Alfred Ehrhardt Stiftung | Naturzeichenzeichnen – Drawing The Symbols Of Nature

Alfred Ehrhardt Stiftung | Naturzeichenzeichnen – Drawing the Symbols of Nature

Jitka Hanzlová, Untitled, From The Series "Horses", 2010, Archival Pigment Print, 43 X 29,5 Cm © Jitka Hanzlová / Courtesy Kicken Berlin

Group Exhibition

Naturzeichenzeichnen – Drawing the Symbols of Nature

with Fritz Brill, Hedwig Bornemann, Arno Schmidt, Rainer König, Amin El Dib, Heidi Specker, Dieter Appelt, Gabriele Kostas, Hanns Zischler, Michael Schmidt, Hans W. Mende, Floris M. Neusüss, Jitka Hanzlová, Loredana Nemes and Nanne Meyer

Opening: Friday, July 3, 2015, 19h
Exhibition: July 4 – September 13, 2015
Curated by Janos Frecot

Opening hours
Tue-Sun 11-18h, Thu 11-21h


The Alfred Ehrhardt Stiftung has given guest-curator Janos Frecot carte blanche to present an exhibition on the theme of “Nature” that reflects his particular vision of photography. The exhibition is also his personal gesture of thanks to all those artists whose careers have run parallel to his own and who have became his friends. Many of the works are from his own private collection.

The title NATURZEICHENZEICHNEN is a word-play based on the word for “signs” and “symbols” and the word for “drawing”. Here Janos Frecot is referring to both the images of Nature themselves and to our recording and re-interpretation of their ever-changing forms. There was a time when one never set out to document one’s surroundings without taking a pencil, a drawing-block and a paint box. Today we take a camera – analogue or digital – and use it in the same way as the pencil to record our world or to generate the image that we have made of it. Expressed in simple terms, this step from recording the world, to encompassing its fragile uniqueness can be summed up as the difference between image and reality.

The photographers in the exhibition come from a variety of times, places, vocations and areas of activity. Each shows us their vision of Nature in the visual language that they have evolved to present their view of the world and people and things. Most of the artists are something more than just photographers. Fritz Brill, a student of Johannes Itten, became a highly professional experimenter in the fields of photography and film through his intensive training as painter and graphic artist. He worked together with Hedwig Bornemann, his wife and steady hand. The author Arno Schmidt has produced not only grandiose word-pictures, ranging from lyricism to the grotesque, but also pictures of Nature. Their beauty bears witness to the same empathy and command of form as his writing. The pictures of Rainer König and Amin El Dib present the architect as constructor of our world; a similar impulse can be found in the work of Heidi Specker: her interiors resemble sepulchres where the signs and symbols of Nature are displayed to perfection. Dieter Appelt and Gabriele Kostas were professional musicians before they began to develop their conceptually-adjusted vision of the world. With Appelt it is the rhythm of the surface, with Kostas the organisation of movement in space and time. Hanns Zischler is the most versatile of all: not only photographer but also actor, author and publisher. His pin-hole images are dramatic presentations of time, light and colour.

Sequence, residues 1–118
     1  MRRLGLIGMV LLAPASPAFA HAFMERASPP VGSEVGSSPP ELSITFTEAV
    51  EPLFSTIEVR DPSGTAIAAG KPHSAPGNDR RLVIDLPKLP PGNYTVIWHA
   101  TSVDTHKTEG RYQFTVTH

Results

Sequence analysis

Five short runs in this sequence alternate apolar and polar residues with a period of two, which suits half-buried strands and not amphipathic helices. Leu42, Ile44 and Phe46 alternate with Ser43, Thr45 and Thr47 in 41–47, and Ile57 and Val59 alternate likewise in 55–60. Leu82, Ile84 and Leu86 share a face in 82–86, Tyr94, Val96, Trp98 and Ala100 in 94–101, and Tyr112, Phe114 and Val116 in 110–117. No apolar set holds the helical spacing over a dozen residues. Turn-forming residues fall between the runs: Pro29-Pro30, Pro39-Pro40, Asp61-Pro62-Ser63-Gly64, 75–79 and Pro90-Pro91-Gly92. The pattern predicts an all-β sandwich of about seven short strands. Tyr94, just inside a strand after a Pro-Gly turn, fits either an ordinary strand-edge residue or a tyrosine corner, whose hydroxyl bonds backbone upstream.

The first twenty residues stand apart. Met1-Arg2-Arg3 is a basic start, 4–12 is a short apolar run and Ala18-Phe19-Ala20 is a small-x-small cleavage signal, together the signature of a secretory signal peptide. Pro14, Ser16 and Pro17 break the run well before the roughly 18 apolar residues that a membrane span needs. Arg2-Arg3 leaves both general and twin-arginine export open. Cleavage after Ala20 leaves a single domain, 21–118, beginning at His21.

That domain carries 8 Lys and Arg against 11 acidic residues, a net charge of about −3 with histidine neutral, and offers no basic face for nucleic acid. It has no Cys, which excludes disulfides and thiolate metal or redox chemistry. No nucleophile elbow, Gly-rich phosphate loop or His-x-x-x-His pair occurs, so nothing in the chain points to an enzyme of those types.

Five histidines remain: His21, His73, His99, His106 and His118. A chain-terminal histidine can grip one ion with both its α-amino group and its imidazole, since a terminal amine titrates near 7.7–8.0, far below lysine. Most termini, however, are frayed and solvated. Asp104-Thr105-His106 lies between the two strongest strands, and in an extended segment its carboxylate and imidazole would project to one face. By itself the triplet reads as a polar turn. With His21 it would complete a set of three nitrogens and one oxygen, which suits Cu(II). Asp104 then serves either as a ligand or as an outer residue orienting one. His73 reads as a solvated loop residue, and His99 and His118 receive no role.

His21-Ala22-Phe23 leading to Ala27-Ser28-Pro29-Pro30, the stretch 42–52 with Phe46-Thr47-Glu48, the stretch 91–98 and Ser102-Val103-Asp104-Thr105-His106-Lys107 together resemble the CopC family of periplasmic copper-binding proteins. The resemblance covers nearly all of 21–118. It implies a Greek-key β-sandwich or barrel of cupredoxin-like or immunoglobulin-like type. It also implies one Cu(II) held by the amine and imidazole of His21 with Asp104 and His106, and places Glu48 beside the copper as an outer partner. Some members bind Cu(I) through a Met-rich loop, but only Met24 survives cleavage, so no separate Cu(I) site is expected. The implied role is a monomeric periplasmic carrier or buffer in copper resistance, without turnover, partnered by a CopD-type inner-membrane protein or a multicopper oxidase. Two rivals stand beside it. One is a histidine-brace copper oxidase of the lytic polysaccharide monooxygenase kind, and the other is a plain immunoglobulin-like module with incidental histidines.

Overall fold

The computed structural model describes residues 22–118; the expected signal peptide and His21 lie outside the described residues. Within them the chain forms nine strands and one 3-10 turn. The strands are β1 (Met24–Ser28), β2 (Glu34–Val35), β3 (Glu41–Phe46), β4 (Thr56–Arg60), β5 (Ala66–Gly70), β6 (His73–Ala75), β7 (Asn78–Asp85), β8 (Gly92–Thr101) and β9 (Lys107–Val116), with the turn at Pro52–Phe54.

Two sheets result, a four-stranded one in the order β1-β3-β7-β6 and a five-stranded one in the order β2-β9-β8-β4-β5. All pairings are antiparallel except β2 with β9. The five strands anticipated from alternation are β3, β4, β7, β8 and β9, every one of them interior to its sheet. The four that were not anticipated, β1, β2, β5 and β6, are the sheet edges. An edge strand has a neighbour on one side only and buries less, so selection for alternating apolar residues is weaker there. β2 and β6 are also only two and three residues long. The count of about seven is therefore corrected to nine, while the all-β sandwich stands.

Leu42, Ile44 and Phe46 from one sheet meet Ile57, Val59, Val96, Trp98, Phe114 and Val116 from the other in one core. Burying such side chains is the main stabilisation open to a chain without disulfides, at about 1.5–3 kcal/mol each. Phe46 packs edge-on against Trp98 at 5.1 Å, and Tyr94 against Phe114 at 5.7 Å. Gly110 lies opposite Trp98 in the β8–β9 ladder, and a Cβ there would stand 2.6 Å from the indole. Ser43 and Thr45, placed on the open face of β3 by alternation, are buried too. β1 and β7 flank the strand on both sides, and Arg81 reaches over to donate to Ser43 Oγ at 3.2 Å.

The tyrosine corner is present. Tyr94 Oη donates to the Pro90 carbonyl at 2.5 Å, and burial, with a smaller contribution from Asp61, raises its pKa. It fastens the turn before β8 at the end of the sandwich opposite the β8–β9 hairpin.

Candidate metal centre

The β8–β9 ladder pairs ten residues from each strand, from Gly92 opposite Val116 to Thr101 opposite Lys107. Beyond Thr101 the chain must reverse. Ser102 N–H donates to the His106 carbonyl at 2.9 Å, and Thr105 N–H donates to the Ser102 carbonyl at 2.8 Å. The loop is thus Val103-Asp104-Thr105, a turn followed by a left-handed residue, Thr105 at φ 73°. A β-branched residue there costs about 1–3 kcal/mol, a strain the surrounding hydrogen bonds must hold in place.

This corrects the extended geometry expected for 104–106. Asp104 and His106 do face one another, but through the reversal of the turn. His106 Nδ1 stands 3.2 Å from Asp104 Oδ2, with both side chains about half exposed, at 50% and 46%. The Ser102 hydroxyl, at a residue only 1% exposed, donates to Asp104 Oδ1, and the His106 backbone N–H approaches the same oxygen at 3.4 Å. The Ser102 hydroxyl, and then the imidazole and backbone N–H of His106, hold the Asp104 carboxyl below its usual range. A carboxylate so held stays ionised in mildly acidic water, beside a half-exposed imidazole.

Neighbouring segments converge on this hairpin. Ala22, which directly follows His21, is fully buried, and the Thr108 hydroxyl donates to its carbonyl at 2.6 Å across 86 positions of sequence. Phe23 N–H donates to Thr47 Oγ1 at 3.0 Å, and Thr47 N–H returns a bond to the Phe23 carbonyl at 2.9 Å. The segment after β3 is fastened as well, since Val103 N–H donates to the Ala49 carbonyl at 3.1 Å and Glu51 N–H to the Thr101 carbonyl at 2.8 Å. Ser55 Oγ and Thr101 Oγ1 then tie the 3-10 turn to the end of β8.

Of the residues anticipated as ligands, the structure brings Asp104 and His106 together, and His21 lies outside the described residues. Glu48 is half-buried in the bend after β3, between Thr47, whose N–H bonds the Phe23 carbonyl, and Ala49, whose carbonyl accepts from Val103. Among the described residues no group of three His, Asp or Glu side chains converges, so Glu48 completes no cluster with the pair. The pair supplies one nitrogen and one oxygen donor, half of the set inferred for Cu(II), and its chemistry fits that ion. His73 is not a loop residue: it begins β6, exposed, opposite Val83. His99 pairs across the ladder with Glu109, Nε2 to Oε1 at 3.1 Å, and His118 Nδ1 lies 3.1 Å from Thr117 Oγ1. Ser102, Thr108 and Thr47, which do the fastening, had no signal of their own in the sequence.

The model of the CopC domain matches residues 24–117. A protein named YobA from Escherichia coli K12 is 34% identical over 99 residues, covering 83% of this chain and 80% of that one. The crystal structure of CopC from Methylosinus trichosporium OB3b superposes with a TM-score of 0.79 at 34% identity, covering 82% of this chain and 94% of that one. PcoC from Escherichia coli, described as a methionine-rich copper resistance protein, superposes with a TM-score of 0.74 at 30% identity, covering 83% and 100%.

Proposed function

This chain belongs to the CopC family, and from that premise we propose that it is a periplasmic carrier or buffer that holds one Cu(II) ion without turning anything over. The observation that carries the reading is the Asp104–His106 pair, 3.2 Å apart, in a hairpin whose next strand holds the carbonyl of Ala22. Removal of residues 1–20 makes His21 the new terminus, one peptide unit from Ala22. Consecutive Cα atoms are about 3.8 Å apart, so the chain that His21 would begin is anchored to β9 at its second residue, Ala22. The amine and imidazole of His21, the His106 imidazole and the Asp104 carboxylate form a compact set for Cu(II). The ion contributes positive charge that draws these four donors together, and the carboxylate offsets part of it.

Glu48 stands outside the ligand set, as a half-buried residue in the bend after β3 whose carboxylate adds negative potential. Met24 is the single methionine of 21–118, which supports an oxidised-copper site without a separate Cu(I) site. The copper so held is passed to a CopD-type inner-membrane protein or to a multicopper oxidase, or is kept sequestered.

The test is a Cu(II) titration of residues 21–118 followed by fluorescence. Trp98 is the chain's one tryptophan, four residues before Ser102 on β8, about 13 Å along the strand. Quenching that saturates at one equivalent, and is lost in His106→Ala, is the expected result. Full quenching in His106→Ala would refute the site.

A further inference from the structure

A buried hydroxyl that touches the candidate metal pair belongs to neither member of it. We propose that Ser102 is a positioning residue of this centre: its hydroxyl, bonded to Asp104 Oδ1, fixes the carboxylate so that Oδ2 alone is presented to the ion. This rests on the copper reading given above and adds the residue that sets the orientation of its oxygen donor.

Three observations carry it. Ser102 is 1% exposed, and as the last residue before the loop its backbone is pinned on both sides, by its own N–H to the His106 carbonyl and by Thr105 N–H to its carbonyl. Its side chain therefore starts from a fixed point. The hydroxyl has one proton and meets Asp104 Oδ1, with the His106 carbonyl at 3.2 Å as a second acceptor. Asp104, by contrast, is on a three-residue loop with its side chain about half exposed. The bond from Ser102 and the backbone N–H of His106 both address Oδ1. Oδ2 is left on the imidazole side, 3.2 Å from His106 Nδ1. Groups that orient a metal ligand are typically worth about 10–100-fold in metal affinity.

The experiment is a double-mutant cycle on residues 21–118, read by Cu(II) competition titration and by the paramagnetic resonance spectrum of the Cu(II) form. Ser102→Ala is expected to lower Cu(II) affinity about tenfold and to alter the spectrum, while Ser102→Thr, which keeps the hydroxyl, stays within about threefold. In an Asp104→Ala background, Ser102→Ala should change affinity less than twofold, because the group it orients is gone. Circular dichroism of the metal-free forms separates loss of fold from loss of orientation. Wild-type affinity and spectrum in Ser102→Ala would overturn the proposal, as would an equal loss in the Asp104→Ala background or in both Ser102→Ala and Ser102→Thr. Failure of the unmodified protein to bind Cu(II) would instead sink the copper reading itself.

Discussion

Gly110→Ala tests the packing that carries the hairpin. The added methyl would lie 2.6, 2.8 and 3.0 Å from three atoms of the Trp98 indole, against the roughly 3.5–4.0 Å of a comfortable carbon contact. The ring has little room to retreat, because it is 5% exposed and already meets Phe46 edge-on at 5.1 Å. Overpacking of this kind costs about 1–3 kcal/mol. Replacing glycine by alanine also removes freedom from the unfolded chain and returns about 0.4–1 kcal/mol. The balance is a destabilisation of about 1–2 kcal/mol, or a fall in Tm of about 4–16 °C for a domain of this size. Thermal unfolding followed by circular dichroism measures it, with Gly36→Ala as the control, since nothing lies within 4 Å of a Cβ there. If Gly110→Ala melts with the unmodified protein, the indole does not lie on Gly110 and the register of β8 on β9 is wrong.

Then there are the works of the pure photographers: Michael Schmidt, who died last year, is one of the most important photographic artists of our time. His work celebrates the precision of the colour grey – “the silverpoint of photography” – in all its resonant splendour. This also applies to the beautiful and little-known pictures by Hans W. Mende of his North German homeland, and to the light pear-fruit-and-leaves photogram by Floris M. Neusüss.

In her “Horses“ Jitka Hanzlová pursues what made her “Forest” so fascinating: the pictorial design with its refined placement of the image within the frame and the exquisite colouring. The blossom images of Loredana Nemes are less concerned with their theme as such, than with their musically-intensified pictorial surface. Nanne Meyer’s ornithological notes extend the scope of the exhibition to include the fantastic world of her new delineations of existing materials.

Fifteen different temperaments, fourteen different ways of grappling with the ephemeral appearance of Nature – an open and boundless field of enterprise!
(Text: Janos Frecot)

From 1978 to 2002 Janos Frecot was the director of the photographic collection of the Berlinische Galerie. In 1980, and on his recommendation, the collection was incorporated into what is now the Landesmuseum für Moderne Kunst where, for the next 20 years, he was active in collecting, exhibiting and publishing. He has also published over 40 books on Berlin-related subjects as well as studies on Erich Salomon, Martha Astfalck-Viez, Herbert Tobias, Arno Schmidt and Gisèle Freund. The Büchersammlung Frecot – the Frecot Collection of Books – that includes many unique items relating to the “back-to-nature” Lebensreform movement, was acquired by the Stanford University Libraries. In 2013, his exhibition Die Jahre mit der Kamera – the Years with the Camera – showed that he too is a visionary photographer; the urban and architectural images that he made between 1964 and 1967 anticipated much of what made the following generation of photographers so famous. Pictures of Nature have always been Frecot’s ruling passion and the traces of this passion can often to be seen in his work as a curator.

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